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Craig Cignarelli • Aussie Insight For The Culturally Ignorant From Melbourne And The 2018 Tennis

A general view of Rod Laver Area during the quarter final round match between Kyle Edmund of Britain and Grigor Dimitrov of Bulgaria at the Australian Open Grand Slam tennis tournament in Melbourne, Victoria, Australia, 23 January 2018. EPA-EFE/MAST IRHAM



Fodor’s and Lonely Planet set industry standards for the travel guide. One can find great restaurants, tourist attractions, iconic images and safety advisories to ensure you don’t up losing an organ before your return flight home. What they do not cover, however, is the cultural nuance necessary to avoid looking like a complete idiot whilst hanging out with the locals. To wit:


Contrary to popular phrasing, Koalas are not bears. They are Koalas, and 90% of them have chlamydia and they are vicious and have claws which can make your face look like Freddy Kruger if you happen to lose vigilance when holding one for a photo. And they smell like they’ve been living on the streets for years.


If you employ the phrase Fair Dinkum def: genuine, honest and good, you’ll confirm that you are both uncool and so far outside the millennial milieu you’ll hear actual scoffing.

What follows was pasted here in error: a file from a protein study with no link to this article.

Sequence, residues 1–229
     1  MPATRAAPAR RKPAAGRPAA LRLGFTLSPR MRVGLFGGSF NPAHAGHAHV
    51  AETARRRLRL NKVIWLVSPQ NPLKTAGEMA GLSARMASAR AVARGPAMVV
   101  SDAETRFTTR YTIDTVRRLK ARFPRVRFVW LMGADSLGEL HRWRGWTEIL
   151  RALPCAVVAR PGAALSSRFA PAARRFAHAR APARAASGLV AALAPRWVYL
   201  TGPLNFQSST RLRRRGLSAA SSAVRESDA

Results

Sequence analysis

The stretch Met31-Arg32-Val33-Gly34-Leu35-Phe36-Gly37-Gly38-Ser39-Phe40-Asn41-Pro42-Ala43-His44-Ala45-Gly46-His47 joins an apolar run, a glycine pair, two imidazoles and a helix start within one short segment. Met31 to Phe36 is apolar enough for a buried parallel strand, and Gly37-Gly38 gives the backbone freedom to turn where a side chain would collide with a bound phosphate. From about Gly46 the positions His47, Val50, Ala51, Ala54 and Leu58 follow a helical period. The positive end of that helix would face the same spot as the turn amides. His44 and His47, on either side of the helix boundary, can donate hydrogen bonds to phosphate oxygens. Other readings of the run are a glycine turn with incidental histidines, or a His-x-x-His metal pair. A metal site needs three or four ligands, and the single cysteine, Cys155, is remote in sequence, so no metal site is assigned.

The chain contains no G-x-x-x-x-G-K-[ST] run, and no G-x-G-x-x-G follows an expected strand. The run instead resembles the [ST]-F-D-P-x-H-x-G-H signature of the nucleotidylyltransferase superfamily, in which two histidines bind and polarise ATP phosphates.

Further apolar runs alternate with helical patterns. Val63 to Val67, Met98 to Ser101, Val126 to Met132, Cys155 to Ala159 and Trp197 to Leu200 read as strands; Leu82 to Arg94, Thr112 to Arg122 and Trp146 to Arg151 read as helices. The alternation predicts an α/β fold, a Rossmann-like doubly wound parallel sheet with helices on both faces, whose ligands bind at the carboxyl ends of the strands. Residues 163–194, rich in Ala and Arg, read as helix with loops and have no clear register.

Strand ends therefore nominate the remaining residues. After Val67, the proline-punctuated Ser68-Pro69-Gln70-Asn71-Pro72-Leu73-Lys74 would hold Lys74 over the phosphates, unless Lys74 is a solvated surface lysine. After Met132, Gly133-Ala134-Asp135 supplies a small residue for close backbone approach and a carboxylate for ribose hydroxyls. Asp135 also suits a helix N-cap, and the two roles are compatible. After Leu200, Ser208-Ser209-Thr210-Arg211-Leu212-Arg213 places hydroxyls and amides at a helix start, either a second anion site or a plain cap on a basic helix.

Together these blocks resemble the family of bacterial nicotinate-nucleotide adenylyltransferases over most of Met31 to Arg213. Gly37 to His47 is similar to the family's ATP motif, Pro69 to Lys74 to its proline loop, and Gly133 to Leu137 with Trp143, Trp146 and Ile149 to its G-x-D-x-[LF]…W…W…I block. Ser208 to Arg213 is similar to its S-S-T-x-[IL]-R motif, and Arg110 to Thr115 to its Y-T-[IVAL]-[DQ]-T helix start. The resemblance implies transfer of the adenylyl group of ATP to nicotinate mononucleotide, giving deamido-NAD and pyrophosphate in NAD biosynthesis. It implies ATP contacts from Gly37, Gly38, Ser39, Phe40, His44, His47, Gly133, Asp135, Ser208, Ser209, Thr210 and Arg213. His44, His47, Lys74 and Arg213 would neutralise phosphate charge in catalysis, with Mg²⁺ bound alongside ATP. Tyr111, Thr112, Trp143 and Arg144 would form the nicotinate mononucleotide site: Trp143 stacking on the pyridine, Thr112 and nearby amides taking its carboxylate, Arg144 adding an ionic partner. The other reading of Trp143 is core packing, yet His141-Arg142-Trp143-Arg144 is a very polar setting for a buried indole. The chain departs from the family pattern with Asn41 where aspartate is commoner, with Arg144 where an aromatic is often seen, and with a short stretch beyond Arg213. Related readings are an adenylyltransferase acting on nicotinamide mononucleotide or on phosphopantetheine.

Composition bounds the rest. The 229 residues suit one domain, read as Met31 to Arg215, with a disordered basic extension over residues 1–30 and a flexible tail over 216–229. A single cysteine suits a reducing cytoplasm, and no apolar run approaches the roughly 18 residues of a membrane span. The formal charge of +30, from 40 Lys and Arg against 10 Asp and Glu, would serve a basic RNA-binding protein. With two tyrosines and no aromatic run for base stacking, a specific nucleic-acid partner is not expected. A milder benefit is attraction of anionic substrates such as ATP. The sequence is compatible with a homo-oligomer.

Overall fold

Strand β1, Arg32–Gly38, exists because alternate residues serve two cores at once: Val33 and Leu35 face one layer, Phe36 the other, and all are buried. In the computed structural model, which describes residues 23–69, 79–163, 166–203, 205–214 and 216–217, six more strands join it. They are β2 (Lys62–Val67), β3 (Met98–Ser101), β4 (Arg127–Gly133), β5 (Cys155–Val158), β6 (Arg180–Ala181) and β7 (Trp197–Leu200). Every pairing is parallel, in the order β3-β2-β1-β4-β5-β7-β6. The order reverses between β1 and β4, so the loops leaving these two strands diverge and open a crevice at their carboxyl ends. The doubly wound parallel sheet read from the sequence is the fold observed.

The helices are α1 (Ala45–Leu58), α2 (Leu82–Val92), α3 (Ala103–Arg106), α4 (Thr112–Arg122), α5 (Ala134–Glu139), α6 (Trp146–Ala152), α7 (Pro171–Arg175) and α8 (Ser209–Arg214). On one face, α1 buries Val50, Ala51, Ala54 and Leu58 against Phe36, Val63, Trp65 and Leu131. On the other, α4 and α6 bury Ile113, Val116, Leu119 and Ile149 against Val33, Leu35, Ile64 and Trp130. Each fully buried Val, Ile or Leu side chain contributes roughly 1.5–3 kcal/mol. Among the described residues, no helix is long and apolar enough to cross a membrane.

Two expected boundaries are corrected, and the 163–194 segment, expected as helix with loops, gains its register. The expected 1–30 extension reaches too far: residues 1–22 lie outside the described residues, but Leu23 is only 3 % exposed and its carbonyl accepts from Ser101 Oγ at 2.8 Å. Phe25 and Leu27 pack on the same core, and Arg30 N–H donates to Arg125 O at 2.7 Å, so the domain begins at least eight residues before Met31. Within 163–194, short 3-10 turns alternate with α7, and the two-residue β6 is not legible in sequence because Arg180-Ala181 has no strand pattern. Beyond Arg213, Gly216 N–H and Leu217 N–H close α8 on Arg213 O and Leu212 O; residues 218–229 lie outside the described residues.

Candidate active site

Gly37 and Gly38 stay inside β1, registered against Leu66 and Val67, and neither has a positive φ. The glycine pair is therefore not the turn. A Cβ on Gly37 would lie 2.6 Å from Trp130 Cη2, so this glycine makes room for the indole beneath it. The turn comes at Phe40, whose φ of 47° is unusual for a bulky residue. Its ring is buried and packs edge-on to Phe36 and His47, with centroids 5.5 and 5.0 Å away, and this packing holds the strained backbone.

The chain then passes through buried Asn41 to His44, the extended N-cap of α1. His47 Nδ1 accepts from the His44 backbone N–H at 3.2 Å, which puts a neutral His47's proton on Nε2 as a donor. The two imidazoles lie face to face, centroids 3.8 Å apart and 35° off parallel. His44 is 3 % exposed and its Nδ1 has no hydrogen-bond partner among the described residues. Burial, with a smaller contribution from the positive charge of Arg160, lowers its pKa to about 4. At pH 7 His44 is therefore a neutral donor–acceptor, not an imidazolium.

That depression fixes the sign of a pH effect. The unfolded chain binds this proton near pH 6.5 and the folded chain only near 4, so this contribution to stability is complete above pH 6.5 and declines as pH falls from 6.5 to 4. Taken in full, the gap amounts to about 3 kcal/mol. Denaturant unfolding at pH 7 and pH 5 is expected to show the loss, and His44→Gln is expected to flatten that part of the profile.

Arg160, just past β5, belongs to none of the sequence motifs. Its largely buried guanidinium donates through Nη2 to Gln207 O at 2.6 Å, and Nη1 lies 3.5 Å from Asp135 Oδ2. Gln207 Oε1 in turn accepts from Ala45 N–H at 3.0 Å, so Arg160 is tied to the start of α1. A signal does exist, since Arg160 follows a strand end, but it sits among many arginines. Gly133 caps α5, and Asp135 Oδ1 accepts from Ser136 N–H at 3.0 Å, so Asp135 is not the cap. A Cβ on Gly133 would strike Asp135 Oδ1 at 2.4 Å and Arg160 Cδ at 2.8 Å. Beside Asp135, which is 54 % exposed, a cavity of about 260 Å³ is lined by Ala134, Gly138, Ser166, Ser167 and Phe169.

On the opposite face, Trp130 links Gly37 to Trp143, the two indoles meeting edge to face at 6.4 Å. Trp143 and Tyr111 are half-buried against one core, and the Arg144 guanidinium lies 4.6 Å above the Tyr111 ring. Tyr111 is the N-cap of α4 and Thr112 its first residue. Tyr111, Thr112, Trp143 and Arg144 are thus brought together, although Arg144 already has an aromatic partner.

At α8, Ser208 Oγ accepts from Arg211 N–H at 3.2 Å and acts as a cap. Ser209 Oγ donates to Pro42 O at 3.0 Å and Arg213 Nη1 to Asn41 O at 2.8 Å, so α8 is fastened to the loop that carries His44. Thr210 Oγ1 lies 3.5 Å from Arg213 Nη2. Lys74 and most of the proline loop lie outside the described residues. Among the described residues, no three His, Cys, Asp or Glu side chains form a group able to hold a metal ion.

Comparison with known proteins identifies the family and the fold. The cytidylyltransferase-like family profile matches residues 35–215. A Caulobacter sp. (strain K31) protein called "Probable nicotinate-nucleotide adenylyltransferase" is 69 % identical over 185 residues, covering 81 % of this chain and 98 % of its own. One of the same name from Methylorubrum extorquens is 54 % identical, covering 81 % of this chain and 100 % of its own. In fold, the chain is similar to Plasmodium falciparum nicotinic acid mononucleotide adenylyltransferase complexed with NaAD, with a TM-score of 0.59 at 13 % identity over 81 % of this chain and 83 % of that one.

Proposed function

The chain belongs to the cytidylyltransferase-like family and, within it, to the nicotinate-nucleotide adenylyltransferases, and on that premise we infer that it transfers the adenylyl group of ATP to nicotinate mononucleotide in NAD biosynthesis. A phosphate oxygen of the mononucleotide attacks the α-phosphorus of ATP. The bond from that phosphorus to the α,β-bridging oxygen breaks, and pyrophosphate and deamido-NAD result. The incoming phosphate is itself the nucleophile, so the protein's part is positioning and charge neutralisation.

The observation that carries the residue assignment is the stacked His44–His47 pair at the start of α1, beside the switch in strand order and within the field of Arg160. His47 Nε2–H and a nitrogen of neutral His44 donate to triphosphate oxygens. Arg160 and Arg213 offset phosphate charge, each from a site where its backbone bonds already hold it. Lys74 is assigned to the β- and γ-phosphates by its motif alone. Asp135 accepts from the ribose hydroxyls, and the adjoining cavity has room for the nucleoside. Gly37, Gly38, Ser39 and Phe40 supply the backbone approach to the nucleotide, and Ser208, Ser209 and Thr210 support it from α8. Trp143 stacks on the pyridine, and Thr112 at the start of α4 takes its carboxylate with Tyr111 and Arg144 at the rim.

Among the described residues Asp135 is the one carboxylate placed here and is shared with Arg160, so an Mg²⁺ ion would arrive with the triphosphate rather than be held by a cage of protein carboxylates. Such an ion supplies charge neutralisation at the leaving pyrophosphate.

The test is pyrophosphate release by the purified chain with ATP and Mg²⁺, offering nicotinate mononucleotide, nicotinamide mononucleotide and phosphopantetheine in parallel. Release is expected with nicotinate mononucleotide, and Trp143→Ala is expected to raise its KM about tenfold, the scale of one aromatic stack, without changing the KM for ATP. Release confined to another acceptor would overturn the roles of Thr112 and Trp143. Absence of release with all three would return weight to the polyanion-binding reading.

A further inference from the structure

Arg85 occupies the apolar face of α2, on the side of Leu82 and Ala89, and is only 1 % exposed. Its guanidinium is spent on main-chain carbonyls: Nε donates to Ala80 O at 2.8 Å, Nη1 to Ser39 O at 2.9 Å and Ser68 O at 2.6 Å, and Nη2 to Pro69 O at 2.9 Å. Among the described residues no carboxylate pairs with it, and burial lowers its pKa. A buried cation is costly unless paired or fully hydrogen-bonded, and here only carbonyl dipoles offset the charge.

“Boguns” are ragtag sorts, with mullet hair and greasy shirts and residing on the edge of civilization. To call someone a “Bogun” inside a pub will incite instant carnage. Note: Hospitals nurses will ask what caused your facial injuries.


Margaret Court was her real name, so if you call it Margaret Court’s court, you’ll be correct but you’ll also sound like Jimmy Stewart.


Imagine Nascar drivers working out the kinks on Los Angeles’ hyper-congested 405 freeway. If this were Australia, the locals would call them “Hoons,” When locals attempt to explain a “Hoon,” the best English equivalent is “A-hole.”


There is no actual alcohol called “Watevamate,” but that is precisely what you’ll hear when you ask an Aussie what kind of beer he/she wants.


Trains, trams and trolley all run on tracks above ground. Wallabies, Kangaroos and Joeys all hop on two legs above ground. Pat Cash, Pat Rafter, and Rod Laver all serve and volleyed above the ground. I had hoped there would be a way to tie all this together but it worked out about as well as the American contingent’s first round at the Open.


Aussie slang is so easy to slip into, you’ll hear yourself saying “G’day” and “No worries” and “How ya going?” before your first day is over. When the waitress says “what’re you after?” she is referring to your order and not something inappropriate, apparently.


When Australians respond to questions, their voices rise at the end of their answer so it sounds like they are asking you a question. If you continue asking questions, you’ll feel exactly like a Lleyton Hewitt – David Ferrer tennis match would feel.


In my opinion, this is the kind of stuff travel guides should include in their cultural literacy pages. Hope it helps with your trip down under.

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